Public Function newSerialDate(dateIn) ' Define local variables. Dim day As String Dim month As String Dim year As String Dim startPosition As Integer Dim endPosition As Integer Dim length As Integer ' Initialize local variables and parse the month from the left. startPosition = 1 endPosition = InStr(startPosition, dateIn, "/") month = Left(dateIn, endPosition - 1) ' This is a debugging tool to track variables during execution. MsgBox ("Month [" + month + "]") ' Shift the start position and parse the day from the middle. startPosition = endPosition + 1 endPosition = InStr(startPosition, dateIn, "/") day = Mid(dateIn, startPosition, endPosition - startPosition) ' This is a debugging tool to track variables during execution. MsgBox ("Day [" + day + "]") ' Get the remainder of the string. startPosition = endPosition length = Len(dateIn) - startPosition year = Right(dateIn, length) ' This is a debugging tool to track variables during execution. MsgBox ("Year [" + year + "]") ' Return a value from a User Defined Function (UDF) by using ' the function name as the return variable. newSerialDate = DateSerial(year, month, day) End Function |

Aside from the fact that all this parsing isn’t really necessary because the problem is much simpler and cleaner. At least, it becomes so when you understand the breadth of built-in functions in VBA. You can solve the problem by designating the formal parameter as a `Double`

like the example below.

Function newSerialDate(dateIn As Double) newSerialDate = dateIn End Function |

Alternatively, you can accept a `Variant`

, which maps to a `String`

. Then, you convert it to a `Date`

like this:

Function newSerialDate(dateIn) newSerialDate = DateValue(dateIn) End Function |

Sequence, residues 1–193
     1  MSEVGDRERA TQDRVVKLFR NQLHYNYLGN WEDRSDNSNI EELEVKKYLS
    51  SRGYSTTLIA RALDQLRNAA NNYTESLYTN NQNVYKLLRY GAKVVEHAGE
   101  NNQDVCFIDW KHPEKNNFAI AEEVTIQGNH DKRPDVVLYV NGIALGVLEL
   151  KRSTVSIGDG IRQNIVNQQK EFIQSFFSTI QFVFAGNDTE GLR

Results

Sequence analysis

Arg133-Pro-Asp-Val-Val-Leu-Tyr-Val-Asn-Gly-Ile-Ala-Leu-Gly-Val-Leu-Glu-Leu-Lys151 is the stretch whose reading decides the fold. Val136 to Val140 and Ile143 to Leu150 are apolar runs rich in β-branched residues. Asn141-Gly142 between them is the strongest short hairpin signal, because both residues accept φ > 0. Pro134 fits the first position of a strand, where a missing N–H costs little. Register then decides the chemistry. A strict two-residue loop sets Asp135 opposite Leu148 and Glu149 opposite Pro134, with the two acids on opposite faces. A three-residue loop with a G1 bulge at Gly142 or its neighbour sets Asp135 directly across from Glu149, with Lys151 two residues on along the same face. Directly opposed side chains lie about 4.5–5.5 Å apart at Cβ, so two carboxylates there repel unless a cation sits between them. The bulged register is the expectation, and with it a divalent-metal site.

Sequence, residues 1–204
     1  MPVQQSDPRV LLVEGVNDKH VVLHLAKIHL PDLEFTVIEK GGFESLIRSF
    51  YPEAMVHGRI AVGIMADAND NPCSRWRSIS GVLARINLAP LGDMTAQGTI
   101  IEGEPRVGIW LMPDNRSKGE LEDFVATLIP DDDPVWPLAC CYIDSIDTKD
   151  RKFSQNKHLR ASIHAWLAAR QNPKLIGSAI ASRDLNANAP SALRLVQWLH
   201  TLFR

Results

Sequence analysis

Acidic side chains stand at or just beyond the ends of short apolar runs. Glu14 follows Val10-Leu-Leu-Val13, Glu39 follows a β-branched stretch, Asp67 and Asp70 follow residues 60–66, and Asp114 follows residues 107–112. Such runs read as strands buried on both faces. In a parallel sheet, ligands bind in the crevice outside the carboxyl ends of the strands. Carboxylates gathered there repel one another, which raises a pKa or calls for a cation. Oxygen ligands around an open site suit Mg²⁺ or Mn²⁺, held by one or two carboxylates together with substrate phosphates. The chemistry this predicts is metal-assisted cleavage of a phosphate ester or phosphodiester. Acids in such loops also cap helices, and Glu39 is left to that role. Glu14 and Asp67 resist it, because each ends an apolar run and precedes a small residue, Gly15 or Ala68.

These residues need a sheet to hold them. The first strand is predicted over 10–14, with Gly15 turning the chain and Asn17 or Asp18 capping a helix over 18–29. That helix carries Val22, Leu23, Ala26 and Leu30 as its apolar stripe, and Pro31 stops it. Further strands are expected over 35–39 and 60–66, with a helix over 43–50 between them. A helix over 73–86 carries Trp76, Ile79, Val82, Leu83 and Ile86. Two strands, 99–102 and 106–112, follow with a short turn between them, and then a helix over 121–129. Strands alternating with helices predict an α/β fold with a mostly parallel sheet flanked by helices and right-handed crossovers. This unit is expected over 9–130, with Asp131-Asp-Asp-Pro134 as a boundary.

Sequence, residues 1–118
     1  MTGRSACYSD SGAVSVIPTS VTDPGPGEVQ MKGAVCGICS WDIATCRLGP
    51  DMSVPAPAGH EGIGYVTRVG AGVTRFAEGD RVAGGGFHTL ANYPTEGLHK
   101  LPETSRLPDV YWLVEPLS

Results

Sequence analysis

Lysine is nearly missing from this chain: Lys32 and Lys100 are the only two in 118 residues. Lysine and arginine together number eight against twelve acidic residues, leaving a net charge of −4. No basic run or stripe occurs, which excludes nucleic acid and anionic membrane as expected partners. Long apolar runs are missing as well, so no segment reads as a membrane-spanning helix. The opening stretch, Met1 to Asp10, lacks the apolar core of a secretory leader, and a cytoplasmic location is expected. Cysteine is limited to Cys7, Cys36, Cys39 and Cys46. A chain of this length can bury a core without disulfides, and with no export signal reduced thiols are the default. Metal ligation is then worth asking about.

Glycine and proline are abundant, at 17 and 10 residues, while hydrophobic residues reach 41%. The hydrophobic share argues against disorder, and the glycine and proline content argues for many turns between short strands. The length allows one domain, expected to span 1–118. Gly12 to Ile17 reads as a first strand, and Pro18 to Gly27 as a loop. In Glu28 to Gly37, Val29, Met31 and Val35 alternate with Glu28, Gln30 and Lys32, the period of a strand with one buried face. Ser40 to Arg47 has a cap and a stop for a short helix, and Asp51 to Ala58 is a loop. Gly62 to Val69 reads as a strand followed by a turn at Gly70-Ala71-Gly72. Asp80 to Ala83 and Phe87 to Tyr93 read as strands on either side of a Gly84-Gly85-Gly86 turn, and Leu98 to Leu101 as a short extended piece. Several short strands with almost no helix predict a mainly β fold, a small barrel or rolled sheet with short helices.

- Create the following spreadsheet, the formula values are noted below the screen shot. You should be able to copy and past them into the spreadsheet. After you’ve created the spreadsheet, entering a new date in cell
`A1`

causes the UDF to run. When the UDF runs “as-is”, you’ll see message dialog boxes that show values set during runtime.

Spreadsheet Functions | |
---|---|

Cell | Formula |

A2 | `=newSerialDate(A1)` |

C1 | `=VLOOKUP(TYPE(A1),$E$3:$F$7,MATCH("Meaning",$E$2:$F$2,FALSE))` |

C2 | `=VLOOKUP(TYPE(A2),$E$3:$F$7,MATCH("Meaning",$E$2:$F$2,FALSE))` |

- You can now save this as an
*Add In*library but comment out those debug`MsgBox()`

function calls. Click the*Office Button*and click*SaveAs*in the menu, then accept Excel Workbook initially. When you get to the*SaveAs*dialog, choose*Excel Add-In*as the file type. Below is a screen capture of the drop down selection box.

- Open a new Excel Workbook. Click the
*Excel Options*button. Click the*Add-Ins*tab. Inside the right side pane, make sure the*Manage*drop down says*Excel Add-ins*before you click the*Go*button.

- Check the
*Samplefunction*check box as shown below.*Samplefunction*is the name of the Workbook that contains the module, and it is saved as an`*.xlam`

file. Click the*OK*button to add the library. You’ve now created, and added an*Add-In*library to your new spreadsheet. It will create a`SampleFunction.xlam`

file in the users directory.

The file is found by default in:

C:\Users\UserName\AppData\Roaming\Microsoft\AddIns |

Ranjit asked how you could call a UDF from inside a module. In the answer noted below, I show how to do it with the `Unary`

function:

Function Unary(number As Integer) Unary = number + 1 End Function |

Then, enter the following ordinary `Increment`

macro:

Sub Increment() ActiveCell.FormulaR1C1 = Unary(ActiveCell.Value()) End Sub |

Enter a number in a cell, then navigate to *Tools -> Macro -> Macros…* and choose the `increment`

macro, which increments the value previously in the cell by calling the `Unary`

function.

As always, I hope this is helpful to a few folks.